[Air-L] Fwd: ephemera Issue on Digital Labor Released

jeremy hunsinger jhuns at vt.edu
Fri Apr 29 11:29:08 PDT 2011

Begin forwarded message:

> From: Stevphen Shukaitis <stevphen at AUTONOMEDIA.ORG>
> Date: April 29, 2011 12:10:01 PM EDT
> Subject: ephemera Issue on Digital Labor Released
> Reply-To: Stevphen Shukaitis <stevphen at AUTONOMEDIA.ORG>
> ephemera Issue on Digital Labor Released
> Digital Labour: Workers, Authors, Citizens
> ephemera: theory & politics in organization Volume 10 Number 3-4
> http://www.ephemeraweb.org
> Edited by Jonathan Burston, Nick Dyer-Witheford and Alison Hearn
> Born out of the conference of the same name held in the fall of 2009 at the University of Western Ontario, this special double issue of ephemera addresses the implications of digital labour as they are emerging in practice, politics, policy, culture, and theoretical enquiry. As workers, as authors, and as citizens, we are increasingly summoned and disciplined by new digital technologies that define the workplace and produce ever more complex regimes of surveillance and control. At the same time, new possibilities for agency and new spaces for collectivity are borne from these multiplying digital innovations. This volume explores this social dialectic, with a specific focus on new forms of labour. Papers examine the histories and theories of digital capitalism, foundational assumptions in debates about digital labour, issues of intellectual property and copyright, material changes in the digital workplace, transnational perspectives on digital labour, the issue of free labour and new definitions of work, and struggles and contests on the scene of digital production. Contributors include Brian Holmes, Andrea Fumagalli and Cristina Morini, David Hesmondhalgh, Ursula Huws, Barry King, Jack Bratich, Enda Brophy and many others. This issue also contains vital contributions from union and guild activists hailing from the Canadian Media Guild (CMG), the Screen Actors Guild (SAG), the American Federation of Television and Radio Artists (AFTRA), the University of Western Ontario Faculty Association and the Canadian Association of University Teachers (CAUT).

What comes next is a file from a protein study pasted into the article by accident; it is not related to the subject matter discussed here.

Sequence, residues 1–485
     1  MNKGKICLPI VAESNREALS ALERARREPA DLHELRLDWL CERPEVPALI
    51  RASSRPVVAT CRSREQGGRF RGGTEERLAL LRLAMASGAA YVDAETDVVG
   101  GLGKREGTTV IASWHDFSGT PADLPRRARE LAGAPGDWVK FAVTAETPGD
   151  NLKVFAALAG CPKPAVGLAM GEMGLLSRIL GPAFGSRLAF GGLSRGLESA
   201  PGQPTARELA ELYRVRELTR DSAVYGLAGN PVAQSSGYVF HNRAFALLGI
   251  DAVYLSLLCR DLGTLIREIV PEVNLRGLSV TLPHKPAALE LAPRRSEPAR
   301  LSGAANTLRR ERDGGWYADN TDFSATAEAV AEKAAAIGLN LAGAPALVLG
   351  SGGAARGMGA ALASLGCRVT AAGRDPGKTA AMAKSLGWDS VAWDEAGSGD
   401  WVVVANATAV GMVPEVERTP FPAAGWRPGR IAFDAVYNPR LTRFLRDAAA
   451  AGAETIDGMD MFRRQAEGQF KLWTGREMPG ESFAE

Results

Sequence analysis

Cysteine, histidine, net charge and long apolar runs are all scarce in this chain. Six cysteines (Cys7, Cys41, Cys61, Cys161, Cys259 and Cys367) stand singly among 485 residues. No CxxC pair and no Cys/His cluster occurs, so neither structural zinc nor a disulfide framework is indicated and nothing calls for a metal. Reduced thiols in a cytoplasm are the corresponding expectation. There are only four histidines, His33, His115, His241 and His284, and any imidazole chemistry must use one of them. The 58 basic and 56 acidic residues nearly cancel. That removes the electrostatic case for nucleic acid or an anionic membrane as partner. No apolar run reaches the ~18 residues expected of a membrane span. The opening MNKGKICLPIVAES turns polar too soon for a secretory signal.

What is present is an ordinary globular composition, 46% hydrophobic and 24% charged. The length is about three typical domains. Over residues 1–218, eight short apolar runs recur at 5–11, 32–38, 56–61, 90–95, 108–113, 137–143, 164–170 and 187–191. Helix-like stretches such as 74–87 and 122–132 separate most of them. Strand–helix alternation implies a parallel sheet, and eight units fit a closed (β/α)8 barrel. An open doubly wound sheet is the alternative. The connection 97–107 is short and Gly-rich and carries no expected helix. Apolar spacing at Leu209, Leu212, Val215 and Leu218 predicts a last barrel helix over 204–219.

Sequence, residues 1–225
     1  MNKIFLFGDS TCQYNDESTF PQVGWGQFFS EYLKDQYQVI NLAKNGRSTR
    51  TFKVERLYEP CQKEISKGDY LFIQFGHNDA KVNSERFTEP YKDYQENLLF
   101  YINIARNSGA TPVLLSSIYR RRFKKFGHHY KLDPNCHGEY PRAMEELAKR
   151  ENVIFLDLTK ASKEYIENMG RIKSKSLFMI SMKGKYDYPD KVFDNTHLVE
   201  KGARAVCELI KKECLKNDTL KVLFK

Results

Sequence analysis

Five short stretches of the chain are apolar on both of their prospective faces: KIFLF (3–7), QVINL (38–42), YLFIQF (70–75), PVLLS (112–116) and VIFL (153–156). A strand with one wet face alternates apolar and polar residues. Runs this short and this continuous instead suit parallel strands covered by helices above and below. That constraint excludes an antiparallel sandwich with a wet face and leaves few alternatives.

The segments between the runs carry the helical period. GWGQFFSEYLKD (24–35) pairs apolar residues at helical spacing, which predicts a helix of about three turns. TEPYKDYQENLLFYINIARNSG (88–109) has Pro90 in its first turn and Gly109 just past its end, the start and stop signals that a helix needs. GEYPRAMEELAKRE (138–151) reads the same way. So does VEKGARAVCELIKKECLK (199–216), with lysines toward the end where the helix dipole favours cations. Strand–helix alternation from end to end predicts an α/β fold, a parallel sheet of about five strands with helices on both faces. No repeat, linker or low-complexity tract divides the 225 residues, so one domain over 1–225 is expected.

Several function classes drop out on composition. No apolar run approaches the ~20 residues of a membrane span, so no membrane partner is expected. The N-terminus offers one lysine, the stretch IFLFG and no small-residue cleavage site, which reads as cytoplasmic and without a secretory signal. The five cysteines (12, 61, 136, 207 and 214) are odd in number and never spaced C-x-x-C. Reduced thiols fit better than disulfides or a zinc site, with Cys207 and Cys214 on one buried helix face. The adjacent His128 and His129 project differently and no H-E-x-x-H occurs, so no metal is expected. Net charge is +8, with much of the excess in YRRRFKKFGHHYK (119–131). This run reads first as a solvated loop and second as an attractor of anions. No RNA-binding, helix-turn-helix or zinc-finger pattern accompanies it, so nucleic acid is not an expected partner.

> The Digital Labour Group: Jonathan Burston, Edward Comor, James Compton, Nick Dyer-Witheford, Alison Hearn, Ajit Pyati, Sandra Smeltzer, Matt Stahl, Samuel E. Trosow. 
> Contents
> Brian Holmes - Is it written in the stars? Global finance, precarious destinies
> Cristina Morini and Andrea Fumagalli - Life put to work: Towards a life theory of value
> Emanuele Leonardi - The imprimatur of capital: Gilbert Simondon and the hypothesis of cognitive capitalism
> David Hesmondhalgh -  User-generated content, free labour and the cultural industries
> Barry King - On the new dignity of labour
> Jack Bratich - The digital touch: Craft-work as immaterial labour and ontological accumulation
> Sam Trosow - The copyright policy paradox: Overcoming competing agendas in the digital labour movement
> Matt Stahl - Primitive accumulation, the social common, and the contractual lockdown of recording artists at the threshold
> Michael McNally - Enterprise content management systems and the applicatio of Taylorism and Fordism to intellectual labour
> Helen Kennedy - The successful self-regulation of web designers
> Sandra Smeltzer and Daniel J. Paré - The labour of ICT4D: Whither the separation of carriage and content?
> Ajit Pyati - Re-envisioning the ‘knowledge society’ in India: Resisting neoliberalism and the case for the 'public'
> Alison Hearn     - Structuring feeling: Web 2.0, online ranking and rating, and the digital 'reputation' economy
> Edward Comor - Digital prosumption and alienation
> Vincent Manzerolle    Mobilizing the audience commodity: Digital labour in a wireless world
> Enda Brophy    - The subterranean stream: Communicative capitalism and call centre labour
> Nick Dyer-Witheford - Digital labour and species-being
> Ursula Huws - Expression and expropriation: The dialectics of autonomy and control in creative labour
> Lise Lareau - The impact of digital technology on media workers: Life has completely changed
> Mark Bradley - What about citizens?
> Mike Kraft - The singularity of intellectual property
> Melanie Mills - Information workers in the academy: The case of librarians and archivists at The University of Western Ontario
> Paul Jones - Digital labour in the academic context: Challenges for academic staff associations

jeremy hunsinger
Center for Digital Discourse and Culture
Virginia Tech


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